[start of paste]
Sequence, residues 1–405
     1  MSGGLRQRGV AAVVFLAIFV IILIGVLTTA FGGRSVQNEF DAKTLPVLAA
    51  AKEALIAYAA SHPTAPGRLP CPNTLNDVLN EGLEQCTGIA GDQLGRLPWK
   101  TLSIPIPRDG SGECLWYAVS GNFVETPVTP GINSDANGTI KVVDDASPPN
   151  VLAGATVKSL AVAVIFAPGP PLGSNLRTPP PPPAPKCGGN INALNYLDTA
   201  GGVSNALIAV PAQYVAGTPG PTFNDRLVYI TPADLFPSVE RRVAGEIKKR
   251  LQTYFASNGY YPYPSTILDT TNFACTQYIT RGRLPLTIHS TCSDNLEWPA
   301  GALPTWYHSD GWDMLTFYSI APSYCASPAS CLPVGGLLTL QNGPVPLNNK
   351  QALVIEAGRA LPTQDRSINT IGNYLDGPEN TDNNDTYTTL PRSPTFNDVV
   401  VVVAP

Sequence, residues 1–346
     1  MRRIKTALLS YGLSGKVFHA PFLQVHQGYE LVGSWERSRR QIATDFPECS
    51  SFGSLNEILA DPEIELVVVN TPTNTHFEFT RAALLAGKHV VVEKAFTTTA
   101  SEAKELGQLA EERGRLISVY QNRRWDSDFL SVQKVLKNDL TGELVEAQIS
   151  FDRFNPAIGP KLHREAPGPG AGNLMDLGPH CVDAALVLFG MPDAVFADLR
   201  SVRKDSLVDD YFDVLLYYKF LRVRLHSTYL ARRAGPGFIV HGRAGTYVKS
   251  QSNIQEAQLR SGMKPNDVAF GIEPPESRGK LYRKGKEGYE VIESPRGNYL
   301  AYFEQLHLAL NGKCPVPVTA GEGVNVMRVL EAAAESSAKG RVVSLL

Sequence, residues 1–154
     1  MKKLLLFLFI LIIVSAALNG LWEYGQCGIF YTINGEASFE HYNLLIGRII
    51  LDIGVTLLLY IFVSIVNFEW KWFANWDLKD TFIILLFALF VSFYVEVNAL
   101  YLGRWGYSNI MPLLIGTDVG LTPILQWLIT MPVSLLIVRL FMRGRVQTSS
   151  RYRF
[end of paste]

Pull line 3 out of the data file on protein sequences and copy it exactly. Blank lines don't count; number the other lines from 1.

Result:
    51  AKEALIAYAA SHPTAPGRLP CPNTLNDVLN EGLEQCTGIA GDQLGRLPWK